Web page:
Arizona State

See also: Arizona-Arizona State football rivalry

The Wildcats went on the road to face Arizona State in the rivalry game. The Sun Devils led 13–3 at one point before the Wildcats stormed back. ASU fumbled during a punt return that Arizona recovered for a touchdown. In the fourth quarter, Max Zendejas kicked a school-record tying 57-yard field goal with 5:29 left to tie the game and then kicked a 32-yard field goal with 1:43 left to give Arizona the lead. ASU was a final chance, but the Wildcats forced an interception and Arizona escaped with the win and their fourth consecutive over the Devils.[10][11][12][13]

This was the second time in four seasons that the Wildcats denied Arizona State a shot at the Rose Bowl, with the first occurring in 1982 (ASU had to defeat Arizona to clinch a spot in the bowl).[14]

Georgia (Sun Bowl)

Main article: 1985 Sun Bowl

See also: 1985 Georgia Bulldogs football team

Arizona, now bowl-eligible, played in the Sun Bowl, and faced Georgia in the teams’ first meeting against each other. Both the Wildcats and Bulldogs were tied 13–13 when both teams missed field goals in the fourth quarter, with Zendejas’ kick sailing wide late, which led to the game ending in a tie.[15] This was the Wildcats first and only tie in their bowl game history, as none of their future bowl games played between 1986 and 1994 ended in ties (the NCAA eliminated ties for overtime periods that began with the 1995 bowl season).[16]

Season notes

After the season

Arizona’s finish to the 1985 season would continue to lead to an improvement for the Wildcats and set the stage for a remarkable 1986 season which would see Arizona in contention for the Pac-10 title. The team would ultimately finish with a historic rivalry victory as well as a win in the postseason for the first time. Smith would depart as Wildcat coach after the season.[19]


  1. ^ "1985 Arizona Wildcats Schedule and Results". SR/College Football. Sports Reference LLC. Retrieved September 3, 2016.
  2. ^ "Arizona Football 2016 Media Guide" (PDF). University of Arizona. 2016. p. 108. Retrieved September 3, 2016.
  3. ^ "Wildcats bowl-eligible for '85, live TV ban still in effect". Arizona Daily Star. June 5, 1985.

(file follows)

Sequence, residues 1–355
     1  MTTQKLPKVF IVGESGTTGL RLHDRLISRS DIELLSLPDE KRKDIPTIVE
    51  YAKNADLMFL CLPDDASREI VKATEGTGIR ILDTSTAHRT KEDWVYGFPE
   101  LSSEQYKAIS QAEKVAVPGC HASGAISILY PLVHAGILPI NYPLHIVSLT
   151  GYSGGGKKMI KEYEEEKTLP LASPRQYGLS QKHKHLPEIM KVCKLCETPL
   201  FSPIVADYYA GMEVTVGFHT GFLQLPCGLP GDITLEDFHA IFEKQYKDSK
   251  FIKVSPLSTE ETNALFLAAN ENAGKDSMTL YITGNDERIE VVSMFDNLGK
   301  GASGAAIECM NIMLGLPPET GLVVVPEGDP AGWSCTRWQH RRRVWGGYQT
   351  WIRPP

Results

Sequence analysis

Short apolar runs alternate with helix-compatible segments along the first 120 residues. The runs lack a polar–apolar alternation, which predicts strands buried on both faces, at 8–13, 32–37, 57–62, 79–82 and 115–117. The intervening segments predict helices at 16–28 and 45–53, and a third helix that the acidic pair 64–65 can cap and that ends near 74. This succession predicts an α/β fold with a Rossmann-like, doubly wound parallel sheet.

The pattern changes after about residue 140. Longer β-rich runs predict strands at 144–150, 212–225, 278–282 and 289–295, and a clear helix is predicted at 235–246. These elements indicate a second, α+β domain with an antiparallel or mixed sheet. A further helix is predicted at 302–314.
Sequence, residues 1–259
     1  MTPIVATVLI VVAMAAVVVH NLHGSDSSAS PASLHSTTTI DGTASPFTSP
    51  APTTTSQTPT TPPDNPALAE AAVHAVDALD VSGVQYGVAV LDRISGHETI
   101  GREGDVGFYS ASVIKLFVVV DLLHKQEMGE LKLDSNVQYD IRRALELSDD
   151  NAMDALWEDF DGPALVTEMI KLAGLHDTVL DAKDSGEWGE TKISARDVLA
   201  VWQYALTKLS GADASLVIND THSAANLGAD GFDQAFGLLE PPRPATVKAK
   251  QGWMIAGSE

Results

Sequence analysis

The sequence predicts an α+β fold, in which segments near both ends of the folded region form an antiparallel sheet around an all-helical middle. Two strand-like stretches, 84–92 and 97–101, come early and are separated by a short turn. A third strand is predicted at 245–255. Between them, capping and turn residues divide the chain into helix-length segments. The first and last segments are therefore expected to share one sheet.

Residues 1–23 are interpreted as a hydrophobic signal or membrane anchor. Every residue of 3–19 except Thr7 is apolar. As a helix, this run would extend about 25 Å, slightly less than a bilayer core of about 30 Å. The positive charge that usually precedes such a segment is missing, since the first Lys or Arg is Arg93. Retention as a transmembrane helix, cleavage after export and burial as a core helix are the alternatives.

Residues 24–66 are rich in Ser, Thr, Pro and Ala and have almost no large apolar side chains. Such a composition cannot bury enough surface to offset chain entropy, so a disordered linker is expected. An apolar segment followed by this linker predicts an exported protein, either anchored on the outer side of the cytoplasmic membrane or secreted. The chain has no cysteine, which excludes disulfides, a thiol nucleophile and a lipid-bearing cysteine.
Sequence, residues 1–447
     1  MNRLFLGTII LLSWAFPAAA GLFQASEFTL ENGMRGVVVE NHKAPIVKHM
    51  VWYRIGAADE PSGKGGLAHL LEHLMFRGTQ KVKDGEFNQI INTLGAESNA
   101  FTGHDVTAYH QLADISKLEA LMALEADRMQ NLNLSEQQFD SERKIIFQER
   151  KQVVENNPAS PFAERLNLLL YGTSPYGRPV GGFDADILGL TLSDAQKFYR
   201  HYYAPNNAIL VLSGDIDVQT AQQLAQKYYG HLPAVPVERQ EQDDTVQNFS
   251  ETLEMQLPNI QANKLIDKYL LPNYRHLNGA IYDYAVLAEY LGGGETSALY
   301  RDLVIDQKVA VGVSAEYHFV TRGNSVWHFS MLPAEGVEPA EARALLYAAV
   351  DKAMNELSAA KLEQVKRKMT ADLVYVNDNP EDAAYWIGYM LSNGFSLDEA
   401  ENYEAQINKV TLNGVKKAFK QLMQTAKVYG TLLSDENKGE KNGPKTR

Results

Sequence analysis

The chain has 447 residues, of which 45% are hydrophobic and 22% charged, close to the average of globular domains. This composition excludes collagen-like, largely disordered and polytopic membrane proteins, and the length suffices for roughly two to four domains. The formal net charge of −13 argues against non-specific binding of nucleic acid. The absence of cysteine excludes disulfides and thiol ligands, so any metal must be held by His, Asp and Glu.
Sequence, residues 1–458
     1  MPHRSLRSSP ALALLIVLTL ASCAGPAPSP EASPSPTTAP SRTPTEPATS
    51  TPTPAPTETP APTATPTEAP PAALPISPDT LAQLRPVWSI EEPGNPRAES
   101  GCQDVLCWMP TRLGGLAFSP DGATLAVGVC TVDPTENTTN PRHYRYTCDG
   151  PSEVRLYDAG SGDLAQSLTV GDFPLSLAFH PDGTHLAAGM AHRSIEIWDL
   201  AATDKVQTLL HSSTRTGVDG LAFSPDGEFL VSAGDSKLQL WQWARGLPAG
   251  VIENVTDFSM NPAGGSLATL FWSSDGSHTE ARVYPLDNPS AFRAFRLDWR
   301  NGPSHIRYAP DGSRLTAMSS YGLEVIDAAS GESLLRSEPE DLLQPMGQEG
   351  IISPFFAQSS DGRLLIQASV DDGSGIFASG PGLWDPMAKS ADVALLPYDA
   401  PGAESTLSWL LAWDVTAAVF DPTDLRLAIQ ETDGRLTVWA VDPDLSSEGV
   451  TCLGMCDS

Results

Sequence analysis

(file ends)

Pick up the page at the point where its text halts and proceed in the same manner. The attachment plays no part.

4. ^ "1985 Arizona Wildcats Stats". SR/College Football. Sports Reference LLC. Retrieved September 3, 2016.
  5. ^ 2016 Media Guide, p. 86.
  6. ^ "Smith believes Wildcats will win more games in '85". Arizona Daily Wildcat. April 10, 1985.
  7. ^ "Wildcats take down No. 3 SMU in big upset". Arizona Daily Star. October 6, 1985.
  8. ^ "UA football reacts to SMU death penalty announcement". Arizona Daily Star. February 25, 1987.
  9. ^ "Wildcats rally late, come up short against UCLA". Arizona Daily Star. November 10, 1985.
  10. ^ "UA wins to send ASU on Holiday". Arizona Daily Star. November 24, 1985.
  11. ^ "Cats stomp on Devils' roses: Zendejas' 3 FGs keys UA victory". The Arizona Republic. November 24, 1985.
  12. ^ "Mad Max Beyond Tempe: Late kicks lift 'Cats over ASU for fourth straight year". Tucson Citizen. November 25, 1985.
  13. ^ "The Kick III: Zendejas' late FG, defense lead Wildcats to fourth consecutive win over ASU". Arizona Daily Wildcat. November 24, 1985.
  14. ^ "UA denies ASU's shot at Rose Bowl again". The Arizona Republic. November 25, 1985.
  15. ^ "UA, Georgia finish Sun Bowl in tie". The Arizona Republic. December 29, 1985.
  16. ^ "Cats miss late chance vs. Georgia, settles for Sun Bowl tie". Arizona Daily Star. December 29, 1985.
  17. ^ "Wildcats' Sun Bowl matchup with Georgia will be broadcast live, as TV ban expires". Tucson Citizen. December 17, 1985.
  18. ^ "Mad Max leaves Tucson: UA kicker was the best". Arizona Daily Star. December 31, 1985.
  19. ^ "'86 season a successful one for UA football". Arizona Daily Star. December 31, 1986.